As if he had a premonition of his death, Zambia’s late President Levy Mwanawasa’s pre-recorded a final farewell statement to the nation and left it in his Will.
The Will was broadcast on television Thursday night by state-run Zambia National Broadcasting Corporation in which Mwanawasa appealed to future governments to continue with the fight against corruption that he started.
“I desire that part of my will shall be broadcast on television and radio,” Mwanwasa said in his opening statement.
In the statement, recorded 23 March, 2005, Mwanawasa regretted that he had lost close friends because of his fight against corruption.
He explained that his campaign against corruption was not driven by malice but the desire to improve people’s lives. He said: “I believed that national development could only be sustained if good governance, respect for the rule of law and democracy were encouraged and (not) taken for granted. To spur these virtues, the fight against corruption had to be waged relentlessly and without treating anybody as a sacred cow.
“I regret that in my zeal to facilitate this fight, I lost friendship with a number of some of my best friends and at many times my own life and that of my family members were threatened. I want to assure the nation that no malice or ill will was intended in these initiatives.”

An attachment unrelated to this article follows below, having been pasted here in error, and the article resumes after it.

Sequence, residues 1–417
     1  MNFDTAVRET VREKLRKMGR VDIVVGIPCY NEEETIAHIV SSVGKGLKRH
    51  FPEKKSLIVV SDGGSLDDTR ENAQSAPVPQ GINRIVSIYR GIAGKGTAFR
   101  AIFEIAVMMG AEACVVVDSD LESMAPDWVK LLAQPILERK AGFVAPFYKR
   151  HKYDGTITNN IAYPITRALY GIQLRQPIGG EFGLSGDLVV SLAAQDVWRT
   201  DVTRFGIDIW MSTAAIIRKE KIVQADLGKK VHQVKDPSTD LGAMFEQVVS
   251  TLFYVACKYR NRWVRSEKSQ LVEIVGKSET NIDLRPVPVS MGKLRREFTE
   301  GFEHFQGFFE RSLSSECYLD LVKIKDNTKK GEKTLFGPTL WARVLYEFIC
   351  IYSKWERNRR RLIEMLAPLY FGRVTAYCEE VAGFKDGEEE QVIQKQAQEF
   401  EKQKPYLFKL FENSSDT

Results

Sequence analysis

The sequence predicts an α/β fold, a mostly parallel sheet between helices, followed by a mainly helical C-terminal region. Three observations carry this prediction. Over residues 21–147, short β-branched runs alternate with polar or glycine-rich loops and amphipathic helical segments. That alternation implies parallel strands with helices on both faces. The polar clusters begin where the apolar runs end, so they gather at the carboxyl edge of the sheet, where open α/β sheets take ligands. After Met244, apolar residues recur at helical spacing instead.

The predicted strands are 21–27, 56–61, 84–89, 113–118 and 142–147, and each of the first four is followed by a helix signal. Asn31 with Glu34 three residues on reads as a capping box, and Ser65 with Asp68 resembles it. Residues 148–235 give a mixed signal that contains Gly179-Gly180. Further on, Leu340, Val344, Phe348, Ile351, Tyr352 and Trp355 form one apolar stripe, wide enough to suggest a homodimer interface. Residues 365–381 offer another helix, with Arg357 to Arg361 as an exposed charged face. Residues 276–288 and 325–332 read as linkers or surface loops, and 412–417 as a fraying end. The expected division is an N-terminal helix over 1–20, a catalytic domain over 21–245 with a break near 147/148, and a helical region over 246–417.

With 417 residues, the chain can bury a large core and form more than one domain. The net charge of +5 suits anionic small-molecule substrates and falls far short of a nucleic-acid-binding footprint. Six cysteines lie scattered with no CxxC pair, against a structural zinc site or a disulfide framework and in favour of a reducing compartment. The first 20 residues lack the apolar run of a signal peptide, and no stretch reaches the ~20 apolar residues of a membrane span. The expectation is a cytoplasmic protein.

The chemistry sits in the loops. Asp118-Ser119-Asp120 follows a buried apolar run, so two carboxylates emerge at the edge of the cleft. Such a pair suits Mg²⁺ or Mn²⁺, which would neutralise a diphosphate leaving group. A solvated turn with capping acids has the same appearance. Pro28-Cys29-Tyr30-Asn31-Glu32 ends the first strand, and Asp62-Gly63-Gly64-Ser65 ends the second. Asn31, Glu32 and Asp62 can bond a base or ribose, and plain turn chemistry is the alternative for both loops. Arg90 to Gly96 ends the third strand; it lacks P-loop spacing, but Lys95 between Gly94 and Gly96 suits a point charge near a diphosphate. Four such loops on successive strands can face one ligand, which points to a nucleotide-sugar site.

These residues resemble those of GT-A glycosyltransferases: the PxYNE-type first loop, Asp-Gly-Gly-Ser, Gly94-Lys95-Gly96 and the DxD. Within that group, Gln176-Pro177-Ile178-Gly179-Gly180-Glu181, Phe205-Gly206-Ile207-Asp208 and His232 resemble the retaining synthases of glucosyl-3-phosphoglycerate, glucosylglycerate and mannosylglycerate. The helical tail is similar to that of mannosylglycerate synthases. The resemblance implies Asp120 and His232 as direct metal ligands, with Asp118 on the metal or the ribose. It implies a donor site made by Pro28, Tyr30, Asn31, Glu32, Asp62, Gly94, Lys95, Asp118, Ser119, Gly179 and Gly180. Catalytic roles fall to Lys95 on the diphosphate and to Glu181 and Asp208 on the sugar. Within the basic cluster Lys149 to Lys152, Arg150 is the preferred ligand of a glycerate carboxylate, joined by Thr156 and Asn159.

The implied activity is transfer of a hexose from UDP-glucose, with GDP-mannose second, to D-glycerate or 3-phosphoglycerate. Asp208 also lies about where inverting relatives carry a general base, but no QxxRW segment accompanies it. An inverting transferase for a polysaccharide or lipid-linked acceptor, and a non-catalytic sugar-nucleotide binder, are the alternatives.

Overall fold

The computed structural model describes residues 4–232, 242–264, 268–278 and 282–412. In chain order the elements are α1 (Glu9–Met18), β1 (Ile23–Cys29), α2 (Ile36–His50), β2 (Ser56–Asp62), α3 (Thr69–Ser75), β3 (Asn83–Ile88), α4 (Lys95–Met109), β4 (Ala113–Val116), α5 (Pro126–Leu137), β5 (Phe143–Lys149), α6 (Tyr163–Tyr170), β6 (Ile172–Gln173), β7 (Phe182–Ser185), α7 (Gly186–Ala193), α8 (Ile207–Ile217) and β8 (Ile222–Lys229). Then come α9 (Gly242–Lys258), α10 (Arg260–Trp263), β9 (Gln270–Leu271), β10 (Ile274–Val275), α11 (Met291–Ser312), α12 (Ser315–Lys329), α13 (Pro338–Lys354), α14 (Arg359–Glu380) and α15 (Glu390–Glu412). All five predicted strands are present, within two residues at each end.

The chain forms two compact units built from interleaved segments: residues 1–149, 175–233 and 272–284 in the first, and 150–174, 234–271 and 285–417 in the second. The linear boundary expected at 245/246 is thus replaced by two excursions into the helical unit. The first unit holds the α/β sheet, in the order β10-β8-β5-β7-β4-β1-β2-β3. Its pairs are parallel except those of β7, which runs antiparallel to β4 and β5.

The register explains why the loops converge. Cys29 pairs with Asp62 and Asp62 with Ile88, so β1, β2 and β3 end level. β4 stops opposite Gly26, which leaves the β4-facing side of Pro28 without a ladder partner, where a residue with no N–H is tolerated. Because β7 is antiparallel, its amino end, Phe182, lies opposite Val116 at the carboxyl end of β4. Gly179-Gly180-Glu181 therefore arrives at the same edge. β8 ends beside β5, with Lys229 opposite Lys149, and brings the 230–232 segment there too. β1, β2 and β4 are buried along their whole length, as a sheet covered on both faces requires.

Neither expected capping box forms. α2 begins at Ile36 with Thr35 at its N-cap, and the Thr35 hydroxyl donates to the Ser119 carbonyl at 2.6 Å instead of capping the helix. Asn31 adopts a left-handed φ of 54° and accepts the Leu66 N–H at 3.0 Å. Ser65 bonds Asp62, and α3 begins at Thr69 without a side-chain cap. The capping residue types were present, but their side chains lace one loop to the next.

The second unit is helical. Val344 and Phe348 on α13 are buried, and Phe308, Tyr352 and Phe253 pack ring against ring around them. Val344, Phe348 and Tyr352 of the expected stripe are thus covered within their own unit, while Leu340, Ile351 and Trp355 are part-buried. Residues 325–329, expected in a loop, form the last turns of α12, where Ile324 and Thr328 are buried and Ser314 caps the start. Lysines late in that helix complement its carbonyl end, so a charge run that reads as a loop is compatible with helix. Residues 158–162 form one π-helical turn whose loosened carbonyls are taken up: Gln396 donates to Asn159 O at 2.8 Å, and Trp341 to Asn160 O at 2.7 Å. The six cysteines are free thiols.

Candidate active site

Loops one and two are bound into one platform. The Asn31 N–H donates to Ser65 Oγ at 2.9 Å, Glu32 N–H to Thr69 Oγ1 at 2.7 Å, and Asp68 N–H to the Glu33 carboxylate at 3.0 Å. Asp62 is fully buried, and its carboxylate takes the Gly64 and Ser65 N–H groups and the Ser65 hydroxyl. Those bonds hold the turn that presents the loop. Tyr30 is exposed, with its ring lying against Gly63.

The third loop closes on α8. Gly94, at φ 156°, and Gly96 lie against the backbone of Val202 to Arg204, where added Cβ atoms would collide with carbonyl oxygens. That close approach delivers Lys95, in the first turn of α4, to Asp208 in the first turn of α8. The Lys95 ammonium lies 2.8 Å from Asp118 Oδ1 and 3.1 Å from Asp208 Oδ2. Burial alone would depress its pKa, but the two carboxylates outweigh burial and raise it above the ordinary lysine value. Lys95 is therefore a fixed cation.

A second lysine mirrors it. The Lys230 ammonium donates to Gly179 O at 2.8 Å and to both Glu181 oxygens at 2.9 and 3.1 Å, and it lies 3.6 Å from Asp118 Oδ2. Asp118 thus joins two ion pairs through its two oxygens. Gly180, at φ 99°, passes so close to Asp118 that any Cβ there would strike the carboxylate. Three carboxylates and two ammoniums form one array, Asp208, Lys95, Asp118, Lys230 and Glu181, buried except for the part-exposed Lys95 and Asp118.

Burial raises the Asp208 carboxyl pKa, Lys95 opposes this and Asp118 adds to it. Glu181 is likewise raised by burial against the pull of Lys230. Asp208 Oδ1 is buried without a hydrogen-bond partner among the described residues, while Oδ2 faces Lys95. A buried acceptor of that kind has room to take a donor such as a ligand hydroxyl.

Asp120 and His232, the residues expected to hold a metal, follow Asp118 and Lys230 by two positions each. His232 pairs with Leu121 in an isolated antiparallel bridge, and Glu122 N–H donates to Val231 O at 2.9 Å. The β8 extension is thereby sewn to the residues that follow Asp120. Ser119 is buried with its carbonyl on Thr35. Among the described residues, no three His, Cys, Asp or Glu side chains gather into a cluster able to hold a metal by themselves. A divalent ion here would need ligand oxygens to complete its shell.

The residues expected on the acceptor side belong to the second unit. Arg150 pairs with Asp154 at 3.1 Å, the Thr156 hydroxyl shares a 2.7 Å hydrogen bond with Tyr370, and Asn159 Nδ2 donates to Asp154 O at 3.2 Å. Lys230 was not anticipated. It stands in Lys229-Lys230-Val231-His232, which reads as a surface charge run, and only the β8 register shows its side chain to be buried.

He said his fight against corruption was purely driven by his love for the country and the urgent need to transform it from poverty to prosperity and that he had always been grieved to see so much poverty, hopelessness and anguish in the faces of the children.
Nwanawasa said, in the broadcast, “I do hope that the party, the Movement for Multiparty Democracy, can continue with this vision for our nation pursuing the fight of zero tolerance to corruption … It is my desire that all future governments will continue to wage this fight.
“If in my endeavours to provide only the best for my country I offended some of my compatriots, all I can ask is that they should find a place in their hearts to forgive me as no deliberate intentions to harm their feelings without just cause was intended.
“I am grateful to all of you for giving me the opportunity during part of my life to serve you as President.. It was a privilege which I cherished up to my death .
“To those who attended my funeral and to those who mourned with my family, I say I am extremely grateful to all of you. I am certain that I speak on behalf of my family that their burden had thereby been lightened,” Mwanwasa said in his final farewell statement.
Former president Frederick Chiluba is among senior government officials who are currently on trial on several corruption charges.
Mwanawasa, died 19 August, in Paris, France, where he was admitted after he suffered a stroke 29 June and he was buried in Lusaka Wednesday.